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A Young Shooter's Biggest Lesson: It's Not Just a Game : Kris Johnson, a Crenshaw High star and son of a former Bruin and NBA star, gets an education at UCLA on commercialism and fans.

March 19, 1995| When he was a junior at Crenshaw High, Kristaan Johnson's basketball fame had already grown to the point that he once was surrounded by autograph seekers at a high school tournament--in Alaska. Johnson, who led the Cougars to state championships in 1993 and 1994, was flattered by the attention, but it was just a sampling of what was to come. He is now playing for UCLA, the No. 1 team in the nation as the NCAA championship tournament began, and the spotlight has grown even brighter. Yet that spotlight has also cast some shadows. Sidelined by injuries, Johnson has had to watch from the Bruin bench as freshman teammates gained notoriety. And the commercial realities of big-time college basketball have been difficult to deal with as well. Former UCLA and NBA star Marques Johnson has kept a close eye on his son as the color commentator for Bruin home games. Kris Johnson was interviewed by Sean Waters

You have to think of coming to college as business. In high school, you can mess around. You can get away with not being on top of things and still play. But in college, you have to be on top of your game--day in, day out. You can't play injured unless you're an out-of-this-world talent.

The major pitfall, I think, is academics. It takes a lot of self-discipline to get up every morning and go to class, do your work and then be ready for a game. During the first few weeks, I would wake up at 11 a.m., and nobody would say 'Kris, get up!' I realized that I had to take responsibility, I had to start being more disciplined. There's no one over you telling you to do all this stuff.

When you're riding high, you're doing well, you're going to have people all over you. You have every friend in the world. Take (UCLA teammate) Ed O'Bannon, for instance. I'm so happy to see him coming back and doing everything right. I remember there was a time when he hurt his knee and people would encourage him, but they wouldn't be all over him like they are now.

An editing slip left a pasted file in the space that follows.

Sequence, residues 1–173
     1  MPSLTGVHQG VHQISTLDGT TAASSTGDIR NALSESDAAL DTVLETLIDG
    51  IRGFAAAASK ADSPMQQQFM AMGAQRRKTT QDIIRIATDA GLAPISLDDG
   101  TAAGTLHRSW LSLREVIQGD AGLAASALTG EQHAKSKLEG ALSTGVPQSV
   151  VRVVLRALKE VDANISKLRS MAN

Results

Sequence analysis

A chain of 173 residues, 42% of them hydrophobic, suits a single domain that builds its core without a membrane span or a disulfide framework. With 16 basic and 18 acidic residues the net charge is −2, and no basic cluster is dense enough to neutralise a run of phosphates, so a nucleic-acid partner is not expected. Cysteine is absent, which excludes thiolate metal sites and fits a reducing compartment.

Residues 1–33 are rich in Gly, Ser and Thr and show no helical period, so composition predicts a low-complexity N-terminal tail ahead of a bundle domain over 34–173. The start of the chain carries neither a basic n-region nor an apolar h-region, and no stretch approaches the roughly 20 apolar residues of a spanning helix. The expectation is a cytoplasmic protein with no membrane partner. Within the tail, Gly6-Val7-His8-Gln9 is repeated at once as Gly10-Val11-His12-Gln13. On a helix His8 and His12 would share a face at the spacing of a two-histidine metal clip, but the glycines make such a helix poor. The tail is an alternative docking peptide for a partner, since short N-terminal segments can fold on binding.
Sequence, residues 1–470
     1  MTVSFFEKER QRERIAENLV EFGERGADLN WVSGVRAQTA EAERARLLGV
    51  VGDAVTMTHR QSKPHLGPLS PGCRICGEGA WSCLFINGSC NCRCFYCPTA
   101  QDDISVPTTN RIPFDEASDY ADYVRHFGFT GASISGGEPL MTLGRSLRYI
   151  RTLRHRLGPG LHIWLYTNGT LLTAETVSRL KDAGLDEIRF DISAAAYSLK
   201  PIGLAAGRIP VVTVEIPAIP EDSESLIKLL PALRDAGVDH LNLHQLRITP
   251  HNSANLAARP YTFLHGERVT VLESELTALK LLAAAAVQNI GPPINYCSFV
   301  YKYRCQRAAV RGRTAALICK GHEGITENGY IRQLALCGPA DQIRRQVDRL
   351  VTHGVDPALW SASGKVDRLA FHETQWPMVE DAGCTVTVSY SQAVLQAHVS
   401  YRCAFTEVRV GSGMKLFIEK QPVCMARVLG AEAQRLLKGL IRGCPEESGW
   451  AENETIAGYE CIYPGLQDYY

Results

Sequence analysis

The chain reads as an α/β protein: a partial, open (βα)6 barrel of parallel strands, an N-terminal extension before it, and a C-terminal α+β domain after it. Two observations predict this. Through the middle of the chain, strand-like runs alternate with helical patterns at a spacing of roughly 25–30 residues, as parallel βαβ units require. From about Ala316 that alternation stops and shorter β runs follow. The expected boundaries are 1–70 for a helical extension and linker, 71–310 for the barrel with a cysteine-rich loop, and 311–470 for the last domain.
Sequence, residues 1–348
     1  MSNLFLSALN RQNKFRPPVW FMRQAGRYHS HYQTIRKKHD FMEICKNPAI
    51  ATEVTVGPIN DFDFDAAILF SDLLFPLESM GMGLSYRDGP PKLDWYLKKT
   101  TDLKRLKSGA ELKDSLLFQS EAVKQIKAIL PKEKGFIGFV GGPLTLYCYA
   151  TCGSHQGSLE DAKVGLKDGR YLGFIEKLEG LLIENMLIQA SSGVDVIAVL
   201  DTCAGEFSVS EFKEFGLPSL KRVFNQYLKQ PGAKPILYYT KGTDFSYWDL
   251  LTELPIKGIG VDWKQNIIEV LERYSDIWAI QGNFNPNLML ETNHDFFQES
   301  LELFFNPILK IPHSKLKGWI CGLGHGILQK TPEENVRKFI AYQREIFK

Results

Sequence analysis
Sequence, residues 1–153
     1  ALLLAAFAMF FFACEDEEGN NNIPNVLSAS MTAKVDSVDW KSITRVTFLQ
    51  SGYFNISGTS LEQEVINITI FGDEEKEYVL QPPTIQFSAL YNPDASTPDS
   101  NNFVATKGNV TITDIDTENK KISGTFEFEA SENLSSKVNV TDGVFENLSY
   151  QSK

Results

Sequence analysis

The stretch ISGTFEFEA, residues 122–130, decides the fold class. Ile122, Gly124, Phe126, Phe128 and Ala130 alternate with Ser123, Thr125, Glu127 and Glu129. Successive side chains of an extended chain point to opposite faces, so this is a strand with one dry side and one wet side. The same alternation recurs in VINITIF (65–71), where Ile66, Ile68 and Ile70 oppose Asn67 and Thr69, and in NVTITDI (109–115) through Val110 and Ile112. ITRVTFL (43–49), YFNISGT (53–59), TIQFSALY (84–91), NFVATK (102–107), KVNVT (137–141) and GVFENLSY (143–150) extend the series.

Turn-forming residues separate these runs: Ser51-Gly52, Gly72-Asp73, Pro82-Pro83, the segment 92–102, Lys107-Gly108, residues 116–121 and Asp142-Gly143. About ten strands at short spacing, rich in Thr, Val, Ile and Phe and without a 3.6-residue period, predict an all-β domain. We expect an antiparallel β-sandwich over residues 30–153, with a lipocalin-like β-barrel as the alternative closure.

When you're down like myself, (basketball fans) aren't as friendly. I sat out three of the six most critical games of the basketball season. But it doesn't even faze me. I proved to the coaches that I could play. I would be playing if I wouldn't have had these injuries. I feel my time will definitely come.

When you're not doing well--that's when you see who your real, true friends are, because they'll be there for you. (The Bruin stars) make me feel I'm part of the team.

I feel like (college) athletes are being exploited pretty much and not receiving as much as we deserve. We bring so much revenue into the university and we get benefits like a scholarship, but I don't feel like it's enough.

One time we signed some balls and the next thing we know, we see someone selling them for $100 a pop. The university's doing it too. We felt shortchanged.

We really don't sign that many balls now because Ed (O'Bannon) spoke out on it, because people were taking advantage of us.

I have people sending me letters, wanting me to sign stuff. They write things like, "I'm a big fan of yours, Mr. Johnson, could you please sign?" Or, "Could you have the whole team sign it?" I don't send them back.

They even have Coach K's video game--a basketball video game, with our numbers. Our numbers. So like, I'm on the game, I'm number 54, and the university holds the rights. They have the trademark or copyright to our numbers. People are buying these games to play with us, our teams, and we get no credit, no royalties, no nothing. I feel like that's wrong.

(But) things happen for a reason, and I came here and this is the right decision because I'm at home. I'm playing in front of great fans, going to the school I've always wanted to go to. I get to see my family and my dad.

It's no big deal to me to have my father announcing my games. I pretty much got over that. We talk before the game, before shoot-arounds. It's no real pressure. The last time UCLA won the NCAA championship (in 1975), he was one of the stars of the team.

I want to go into the tournament No. 1, and I want to come out No. 1.

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